St. James Town Storeys

A new podcast about community building and neighbour to neighbour support

Back in December, Lisa Kowalchuk and Darryl D’Souza started planning a podcast about St. James Town that would focus on how neighbours act together to solve problems and improve life in their neighbourhood. They were motivated by what they saw as a deficit in news media coverage of the neighbourhood, and a desire to shine a spotlight on the talent, energy and ingenuity of the community in responding to longstanding challenges. 

Darryl, a resident of St. James Town since 2015, is a member and volunteer of the St. James Town Community Cooperative, and has more than ten years of experience working as a journalist and broadcaster.

Lisa is a sociology professor at the University of Guelph, where she teaches courses about social movements, gender, and international development. She lives in Toronto, and volunteers in St. James Town.

When COVID-19 was declared a pandemic, the two put aside the topics they were going to cover, such as food security, the safety of buildings, how people organize in their buildings, efforts to overcome social isolation, and the lives of newcomers, youth, and seniors. They decided to start instead with a focus on the somewhat more urgent and time-sensitive topic of COVID-19 — especially how residents are helping each other to deal with the pandemic, often supported by agencies with very dynamic and energetic staff. They never anticipated having to do all interviews by phone, and did not think it possible until they tried it.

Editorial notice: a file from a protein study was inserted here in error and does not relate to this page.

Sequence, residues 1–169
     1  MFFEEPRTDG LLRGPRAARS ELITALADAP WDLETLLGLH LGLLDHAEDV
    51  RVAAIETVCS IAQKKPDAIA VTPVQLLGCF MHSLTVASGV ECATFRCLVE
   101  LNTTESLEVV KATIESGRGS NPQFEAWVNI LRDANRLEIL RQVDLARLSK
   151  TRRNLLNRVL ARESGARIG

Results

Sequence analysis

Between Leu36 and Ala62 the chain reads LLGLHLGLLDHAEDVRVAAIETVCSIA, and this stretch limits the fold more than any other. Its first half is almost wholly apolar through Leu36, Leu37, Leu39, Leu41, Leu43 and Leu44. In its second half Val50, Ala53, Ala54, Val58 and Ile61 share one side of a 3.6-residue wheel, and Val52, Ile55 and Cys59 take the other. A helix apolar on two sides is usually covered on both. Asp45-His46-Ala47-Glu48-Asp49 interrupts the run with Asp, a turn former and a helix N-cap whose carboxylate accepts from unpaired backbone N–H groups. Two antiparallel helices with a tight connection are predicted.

The podcast launched on May 11, and will release its 5th episode on June 8. All five episodes focus on coping with COVID-19.

The website for the podcast will soon be made AODA (Accessibility for Ontarians with Disabilities Act) compliant. As part of that effort, the team was joined by Emily Blakelock, who is making transcriptions of each episode.

The podcast is meant to be of service to St. James Town residents, a way to inspire even more neighbour-to-neighbour connectedness by showcasing ways that this is already happening. It is also intended to prompt awareness outside the neighbourhood of the need for greater resources from government and others to support the neighbourly initiatives people are carrying out.

After the fifth episode, the team will take a pause from weekly production schedule to strategize coverage of the topics they were initially planning. They anticipate, however, that the pandemic will affect most other issues for some time to come, and may make phone interviews the norm for the foreseeable future.

All five episodes, which run about 30 minutes each, can be accessed from the podcast website or on several major podcasting platforms such as Spotify, Stitcher, and Apple.

2020-06-09T21:50:40+01:00May 15th, 2020|Categories: General|0 Comments

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